The sale of tickets for the most attractive games of the World Baseball Classic is progressing at an accelerated pace, to the extent that some of them, such as the quarterfinals, semifinals and final in Miami, have already sold out their official box office and limited the offer to the resale market. with the consequent rise in prices.
El Clásico will take place from Wednesday, March 8 to Tuesday, March 21 with initial rounds in Miami, Florida; Scottsdale and Phoenix in Arizona; Osaka and Tokyo in Japan; and Taichung in Taiwan. Teams like the Dominican Republic, Venezuela and Puerto Rico will play in Florida, while Arizona will host teams like the United States and Mexico.
Among those mentioned, they bring together star players and confirmed participation of the caliber of Mike Trout (USA), Francisco Lindor (PR) and Manny Machado (RD), which validates the interest and consequent high cost of the tickets.
The event is owned by Major League Baseball, which handles ticket sales on a staggered basis up to the secondary resales markup.
As an example, the resales company StubHub, which is accessed directly online from the official MLB.com, offers tickets for the final starting at $133 on Friday afternoon. The one with the best location, best services and consequently the highest price is $5,535.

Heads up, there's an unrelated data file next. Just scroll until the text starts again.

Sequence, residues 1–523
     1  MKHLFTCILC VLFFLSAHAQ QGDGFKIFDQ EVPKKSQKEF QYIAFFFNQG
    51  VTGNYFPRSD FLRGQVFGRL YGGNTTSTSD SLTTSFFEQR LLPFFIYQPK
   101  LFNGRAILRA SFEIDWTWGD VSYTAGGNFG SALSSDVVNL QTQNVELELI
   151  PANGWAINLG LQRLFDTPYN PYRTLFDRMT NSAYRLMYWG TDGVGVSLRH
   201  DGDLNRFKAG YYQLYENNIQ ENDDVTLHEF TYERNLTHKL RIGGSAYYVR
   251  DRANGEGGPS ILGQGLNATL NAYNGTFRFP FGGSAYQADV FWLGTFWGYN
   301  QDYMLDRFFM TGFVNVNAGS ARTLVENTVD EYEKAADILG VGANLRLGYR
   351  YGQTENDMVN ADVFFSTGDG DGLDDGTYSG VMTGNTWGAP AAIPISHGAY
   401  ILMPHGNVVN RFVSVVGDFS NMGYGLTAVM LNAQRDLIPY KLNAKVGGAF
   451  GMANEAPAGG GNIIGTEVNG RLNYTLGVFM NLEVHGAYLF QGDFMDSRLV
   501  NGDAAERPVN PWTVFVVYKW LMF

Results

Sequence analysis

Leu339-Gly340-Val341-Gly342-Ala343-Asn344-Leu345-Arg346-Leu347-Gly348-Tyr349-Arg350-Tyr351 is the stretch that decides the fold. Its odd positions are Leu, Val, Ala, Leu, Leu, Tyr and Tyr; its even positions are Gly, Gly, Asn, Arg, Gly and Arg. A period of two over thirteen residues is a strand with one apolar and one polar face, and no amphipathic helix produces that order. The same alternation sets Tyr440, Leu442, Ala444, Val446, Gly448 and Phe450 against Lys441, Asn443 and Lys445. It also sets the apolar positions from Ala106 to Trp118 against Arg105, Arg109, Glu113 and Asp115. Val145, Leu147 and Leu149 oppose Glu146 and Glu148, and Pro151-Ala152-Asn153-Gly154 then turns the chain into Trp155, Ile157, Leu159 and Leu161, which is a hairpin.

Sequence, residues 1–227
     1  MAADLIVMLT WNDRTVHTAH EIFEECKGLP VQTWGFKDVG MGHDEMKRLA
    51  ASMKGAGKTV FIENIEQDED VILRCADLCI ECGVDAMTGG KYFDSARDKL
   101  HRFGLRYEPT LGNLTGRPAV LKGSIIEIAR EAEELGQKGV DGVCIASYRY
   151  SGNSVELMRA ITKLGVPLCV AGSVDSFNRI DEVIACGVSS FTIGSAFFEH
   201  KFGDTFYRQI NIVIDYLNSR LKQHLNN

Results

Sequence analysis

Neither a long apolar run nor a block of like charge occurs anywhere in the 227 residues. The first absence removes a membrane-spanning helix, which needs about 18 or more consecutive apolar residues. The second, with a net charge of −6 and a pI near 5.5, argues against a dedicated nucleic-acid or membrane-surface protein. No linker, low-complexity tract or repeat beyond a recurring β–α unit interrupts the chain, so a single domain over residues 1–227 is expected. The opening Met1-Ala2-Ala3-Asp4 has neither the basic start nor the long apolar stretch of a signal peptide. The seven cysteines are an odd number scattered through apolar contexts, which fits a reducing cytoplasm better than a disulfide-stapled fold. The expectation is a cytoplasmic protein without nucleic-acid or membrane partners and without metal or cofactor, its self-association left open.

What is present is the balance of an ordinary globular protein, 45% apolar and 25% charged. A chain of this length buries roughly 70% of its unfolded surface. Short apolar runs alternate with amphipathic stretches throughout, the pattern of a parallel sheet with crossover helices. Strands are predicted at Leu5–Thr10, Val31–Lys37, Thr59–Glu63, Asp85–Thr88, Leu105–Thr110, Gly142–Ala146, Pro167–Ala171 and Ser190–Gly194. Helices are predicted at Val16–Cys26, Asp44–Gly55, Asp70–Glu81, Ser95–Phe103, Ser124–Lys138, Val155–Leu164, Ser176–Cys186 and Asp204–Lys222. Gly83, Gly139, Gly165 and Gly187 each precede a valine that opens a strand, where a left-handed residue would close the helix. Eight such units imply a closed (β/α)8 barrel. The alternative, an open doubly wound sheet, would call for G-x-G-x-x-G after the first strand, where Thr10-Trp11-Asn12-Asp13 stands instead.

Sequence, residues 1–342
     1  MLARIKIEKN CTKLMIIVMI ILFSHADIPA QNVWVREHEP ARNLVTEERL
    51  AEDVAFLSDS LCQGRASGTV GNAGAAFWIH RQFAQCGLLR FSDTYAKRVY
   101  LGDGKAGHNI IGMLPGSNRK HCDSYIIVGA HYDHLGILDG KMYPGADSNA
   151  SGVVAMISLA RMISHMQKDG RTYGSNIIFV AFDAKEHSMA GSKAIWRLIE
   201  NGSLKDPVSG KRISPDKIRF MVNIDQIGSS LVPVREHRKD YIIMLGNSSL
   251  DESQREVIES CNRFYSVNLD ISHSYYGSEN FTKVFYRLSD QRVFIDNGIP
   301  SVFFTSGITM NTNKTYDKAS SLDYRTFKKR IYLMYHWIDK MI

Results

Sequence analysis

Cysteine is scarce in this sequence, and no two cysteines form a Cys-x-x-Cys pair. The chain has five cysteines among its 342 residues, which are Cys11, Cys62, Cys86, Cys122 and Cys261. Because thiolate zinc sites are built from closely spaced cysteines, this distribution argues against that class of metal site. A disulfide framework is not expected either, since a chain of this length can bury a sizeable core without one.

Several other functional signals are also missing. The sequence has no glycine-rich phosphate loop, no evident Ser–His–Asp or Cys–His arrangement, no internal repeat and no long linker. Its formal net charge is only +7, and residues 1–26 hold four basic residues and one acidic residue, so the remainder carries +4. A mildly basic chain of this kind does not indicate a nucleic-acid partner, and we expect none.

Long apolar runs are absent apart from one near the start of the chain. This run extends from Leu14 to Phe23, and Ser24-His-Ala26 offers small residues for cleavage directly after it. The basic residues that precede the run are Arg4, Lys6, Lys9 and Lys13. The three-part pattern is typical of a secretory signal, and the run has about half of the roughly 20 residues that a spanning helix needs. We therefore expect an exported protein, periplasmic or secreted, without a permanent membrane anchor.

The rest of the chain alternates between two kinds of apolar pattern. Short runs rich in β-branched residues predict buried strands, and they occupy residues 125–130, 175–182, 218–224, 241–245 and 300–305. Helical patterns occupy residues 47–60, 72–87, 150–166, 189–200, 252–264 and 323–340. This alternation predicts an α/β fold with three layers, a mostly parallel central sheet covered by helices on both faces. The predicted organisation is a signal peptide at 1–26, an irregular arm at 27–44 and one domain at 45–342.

The semifinals, at the moment, carry an even greater range of prices: tickets for the first semifinal -on Sunday- range between $62 and $6,030 and the second, Monday, $64 and $5,850.
Others from earlier rounds but with defined rivals also reflect rising prices.
For example, the initial round match between Puerto Rico – current runner-up in the tournament – and the Dominican Republic – the country with the largest Hispanic presence in the Major Leagues – to be played on March 15 carries entry prices from $213 to $4,005.
In Arizona, the match between Mexico and the United States, on Sunday, March 12, can be seen in person with tickets whose price ranges from $40 to $982.
The online ticket resale page warns that, in many cases, the sale proceeds at an accelerated rate, which implies that prices are expected to rise as the date of the event approaches; or in more extreme cases, a full house and unavailability of tickets – unless a resale market is used through third parties.